between 12V and 24V.
The box is shown in the image on the right.
One side of the box is connected to the external 12V or 24V source.
The other side has a typical 4-pin rectangular plug that mates with the
power input socket of Filin (ПИТАНИЕ).
The switch on the front panel of the box
should be set to the correct voltage 12V (12В)
or 24V (24В).
FILIN was supplied with two miniature speakers, known as NOVA (НОВА),
one of which is a spare one. The speaker has a
safety pin at the rear,
which allows it to be attached to the clothing.
The speaker has a 70 cm long cable with a coaxial screw plug at the end,
indentical to the ones used on the indicator cable. These plugs are
extremely hard to find, so we have supplied a
drawing with the exact dimensions.
FILIN was supplied with three antennas, each of which
was made for a specific application. For simple interception of
agent communication, it was sufficient to use the
which consists of a single with with a crocodile clip
for attachment to the operator's clothing.
For simple radio direction finding tasks, and for improved interception of
agent communication, it was better to use the two-element, or V-type,
antenna. Depending on the version, it consists of
two wires with crocodile clips at the end,
or with straps for attachment to the wrists or ankles.
In addition to the simple wire antennas shown above, the receiver was
sometimes used with a loop antenna, that could be worn on the body,
similar to a bra. The loop antenna is best used for radio direction
finding tasks, and requires the operator to rotate his body in order to find the
direction with the minimum signal strength.
Neither of the antennas is resonant, and are intended only for use in close
proximity of the (clandestine) transmitter.
Some FILIN kits were supplied with the indicator (ИНДИКАТОР)
shown in the image on the right. It has a meter, a two-position switch
and two sockets, and serves two purposes: (1) a voltage checker and
(2) a field strength, or FS, indicator.
With the switch set to ПИТ and the battery pack connected to the
ПИТАНИЕ socket, the voltage of the battery pack (or a connected car battery)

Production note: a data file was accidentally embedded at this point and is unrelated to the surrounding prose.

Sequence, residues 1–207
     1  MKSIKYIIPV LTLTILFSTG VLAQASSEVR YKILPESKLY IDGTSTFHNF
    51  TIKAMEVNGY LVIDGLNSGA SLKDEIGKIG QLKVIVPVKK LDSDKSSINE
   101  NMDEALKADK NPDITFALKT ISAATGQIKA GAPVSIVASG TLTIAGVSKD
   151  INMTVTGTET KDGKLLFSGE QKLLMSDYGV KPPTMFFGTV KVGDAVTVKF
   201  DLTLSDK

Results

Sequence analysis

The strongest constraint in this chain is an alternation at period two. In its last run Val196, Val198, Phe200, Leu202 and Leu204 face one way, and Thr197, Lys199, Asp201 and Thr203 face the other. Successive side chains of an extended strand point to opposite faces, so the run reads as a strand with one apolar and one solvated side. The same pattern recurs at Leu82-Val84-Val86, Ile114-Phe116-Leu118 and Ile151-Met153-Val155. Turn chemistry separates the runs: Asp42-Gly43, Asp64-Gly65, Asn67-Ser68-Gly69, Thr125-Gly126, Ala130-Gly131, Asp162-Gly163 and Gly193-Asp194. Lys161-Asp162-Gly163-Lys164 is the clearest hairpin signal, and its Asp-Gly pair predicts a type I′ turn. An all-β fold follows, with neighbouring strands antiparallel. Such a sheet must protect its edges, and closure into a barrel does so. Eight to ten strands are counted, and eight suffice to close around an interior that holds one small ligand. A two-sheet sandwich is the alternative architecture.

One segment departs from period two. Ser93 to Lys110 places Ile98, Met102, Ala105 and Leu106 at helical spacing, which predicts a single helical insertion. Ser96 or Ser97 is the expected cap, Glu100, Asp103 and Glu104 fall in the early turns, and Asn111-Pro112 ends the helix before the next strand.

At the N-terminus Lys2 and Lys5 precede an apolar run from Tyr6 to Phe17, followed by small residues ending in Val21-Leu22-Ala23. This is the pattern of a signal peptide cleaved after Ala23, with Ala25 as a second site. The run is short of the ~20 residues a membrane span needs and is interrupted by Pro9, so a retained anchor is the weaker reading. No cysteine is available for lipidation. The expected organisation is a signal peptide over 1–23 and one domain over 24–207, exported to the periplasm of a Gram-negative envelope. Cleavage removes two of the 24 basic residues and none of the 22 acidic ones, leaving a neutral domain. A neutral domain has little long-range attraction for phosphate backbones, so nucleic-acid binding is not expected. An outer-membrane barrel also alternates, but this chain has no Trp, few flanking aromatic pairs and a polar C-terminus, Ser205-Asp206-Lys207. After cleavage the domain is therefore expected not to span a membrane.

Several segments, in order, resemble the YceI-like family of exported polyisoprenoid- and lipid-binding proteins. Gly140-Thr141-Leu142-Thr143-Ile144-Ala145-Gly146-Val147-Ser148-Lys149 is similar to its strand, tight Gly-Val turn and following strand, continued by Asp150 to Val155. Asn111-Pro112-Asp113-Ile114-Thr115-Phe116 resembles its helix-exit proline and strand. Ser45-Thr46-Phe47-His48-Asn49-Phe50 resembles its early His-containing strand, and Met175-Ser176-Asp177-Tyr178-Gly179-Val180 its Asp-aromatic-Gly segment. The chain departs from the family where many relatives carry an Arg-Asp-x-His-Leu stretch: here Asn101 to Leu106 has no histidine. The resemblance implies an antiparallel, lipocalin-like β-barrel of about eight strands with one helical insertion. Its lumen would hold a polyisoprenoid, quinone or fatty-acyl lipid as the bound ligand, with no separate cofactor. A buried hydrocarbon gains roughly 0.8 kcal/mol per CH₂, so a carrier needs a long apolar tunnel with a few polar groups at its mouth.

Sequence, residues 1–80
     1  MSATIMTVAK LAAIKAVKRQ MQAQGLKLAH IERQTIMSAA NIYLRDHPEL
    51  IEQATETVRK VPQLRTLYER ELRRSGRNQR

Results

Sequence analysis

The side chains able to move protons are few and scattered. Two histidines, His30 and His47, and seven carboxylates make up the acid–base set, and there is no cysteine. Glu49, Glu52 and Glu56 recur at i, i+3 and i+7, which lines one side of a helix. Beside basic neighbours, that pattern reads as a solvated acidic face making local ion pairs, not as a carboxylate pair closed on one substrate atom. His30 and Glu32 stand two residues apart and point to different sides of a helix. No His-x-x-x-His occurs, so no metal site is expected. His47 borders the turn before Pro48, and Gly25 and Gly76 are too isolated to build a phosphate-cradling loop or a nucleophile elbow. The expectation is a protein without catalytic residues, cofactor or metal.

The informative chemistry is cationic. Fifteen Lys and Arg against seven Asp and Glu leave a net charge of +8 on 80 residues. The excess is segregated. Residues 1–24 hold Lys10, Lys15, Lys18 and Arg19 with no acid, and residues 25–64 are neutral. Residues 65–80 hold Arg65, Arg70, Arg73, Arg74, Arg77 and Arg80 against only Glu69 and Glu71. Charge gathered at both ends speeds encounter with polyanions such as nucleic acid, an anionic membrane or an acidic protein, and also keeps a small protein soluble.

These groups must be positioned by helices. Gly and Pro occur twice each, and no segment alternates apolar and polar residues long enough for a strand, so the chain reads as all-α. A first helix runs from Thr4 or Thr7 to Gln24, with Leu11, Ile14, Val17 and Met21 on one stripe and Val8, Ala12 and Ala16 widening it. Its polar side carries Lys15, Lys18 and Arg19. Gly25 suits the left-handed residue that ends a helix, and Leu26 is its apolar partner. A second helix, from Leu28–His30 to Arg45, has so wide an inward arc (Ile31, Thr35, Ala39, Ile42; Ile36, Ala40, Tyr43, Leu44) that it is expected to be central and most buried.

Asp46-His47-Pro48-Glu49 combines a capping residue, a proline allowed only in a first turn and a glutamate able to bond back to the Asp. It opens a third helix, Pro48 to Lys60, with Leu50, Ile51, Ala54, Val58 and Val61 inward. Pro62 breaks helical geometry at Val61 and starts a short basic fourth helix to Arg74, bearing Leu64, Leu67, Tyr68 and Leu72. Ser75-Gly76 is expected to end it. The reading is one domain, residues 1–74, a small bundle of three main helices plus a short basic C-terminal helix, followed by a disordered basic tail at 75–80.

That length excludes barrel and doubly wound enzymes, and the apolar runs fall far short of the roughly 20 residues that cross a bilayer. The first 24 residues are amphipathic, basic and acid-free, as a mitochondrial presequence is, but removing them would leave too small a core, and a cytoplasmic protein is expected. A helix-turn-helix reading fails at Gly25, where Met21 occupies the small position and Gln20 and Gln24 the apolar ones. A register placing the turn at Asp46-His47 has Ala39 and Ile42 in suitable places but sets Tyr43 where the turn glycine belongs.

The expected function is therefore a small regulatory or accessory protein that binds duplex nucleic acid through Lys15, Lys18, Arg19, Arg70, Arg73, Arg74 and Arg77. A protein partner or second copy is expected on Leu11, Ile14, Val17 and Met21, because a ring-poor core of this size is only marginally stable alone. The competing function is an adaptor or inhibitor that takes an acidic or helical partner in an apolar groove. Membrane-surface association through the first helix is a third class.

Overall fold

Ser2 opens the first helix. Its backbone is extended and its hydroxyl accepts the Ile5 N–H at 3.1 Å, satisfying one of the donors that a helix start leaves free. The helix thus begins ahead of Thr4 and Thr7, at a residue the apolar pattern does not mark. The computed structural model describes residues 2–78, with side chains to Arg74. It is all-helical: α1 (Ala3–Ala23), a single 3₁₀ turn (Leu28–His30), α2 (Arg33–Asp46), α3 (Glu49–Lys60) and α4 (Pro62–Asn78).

can be checked.
With the switch set to ВЫХ and the
ЛИН output of the receiver connected to the
ВЫХ socket, it acts as a field strength indicator.
This cable was used to connected the indicator to the line output
(ЛИН) of the receiver, in order to use it as a field strength
indicator. The cable is approx. 80 cm long and a coaxial screw plug
at either end. Note that the Н/ПР switch on the body of the
receiver has to be placed in the Н-position when using the
field strength indicator.
This cable was only supplied if the indicator was also present.
Nevertheless, it is often missing from the surving FILIN sets.
Note that the plugs for this cable are very hard to find.
Filin was supplied with a leather belt that allowed the receiver to
be worn on the chest. The belt has 4 hooks (2 at either side) that are
attached to the metal brackets at the corners of the receiver,
as shown in the image on the right.
In the middle, the belt has a buckle that can be used to adjust it
to fit tightly around the waist.
Over time, different designs of belts were supplied.
The images below show a brown belt
with safety catches
and a simple black hook-on belt.
Inside the lid of the suitcase was a
checklist with all items and their location.
Various layouts of the case exist and a different number
of accessories was supplied with each version of the receiver (depending
on the frequency range). Furthermore, the contents were changed and items
were swapped for alternatives regularly without altering the checklist.
The drawing above shows one of the case layouts that was used.
The list below has been compiled from various checklists found
inside the top lid of the cases. It shows the location number of each item
in brackets at the end of each line.
This number corresponds with the drawing above.
The number is also imprinted at the bottom of the case.
Блок питан. аккум.Rechargeable battery (6)
Антенна V2 x V-Antenna (8)
Антенна ШтюрьRod antenna (8)
Блоцк Питан. Бат.Battery block 3 x 4.5V (9)
Телефон2 x Speaker (10)
Кабель (l: 800)Cable (9)
ОтверткаScrewdriver (ED 76-09) (11)
ОтверткаScrewdriver V 150 x 0.4 (12)
ФильтрHF Filter (5)
- Power converter (2)
Комплект запасн. частейSet of spare parts (8)
Please note that different layouts were also used and that
certain parts were sometimes stored in a different place.
During the receiver's lifetime, some parts were removed and other were
The items in the bottom part of the case are held in place by means
of leather straps.
Location (2) is hidden under item (1).
A leather belt (7) is supplied to allow the receiver to be carried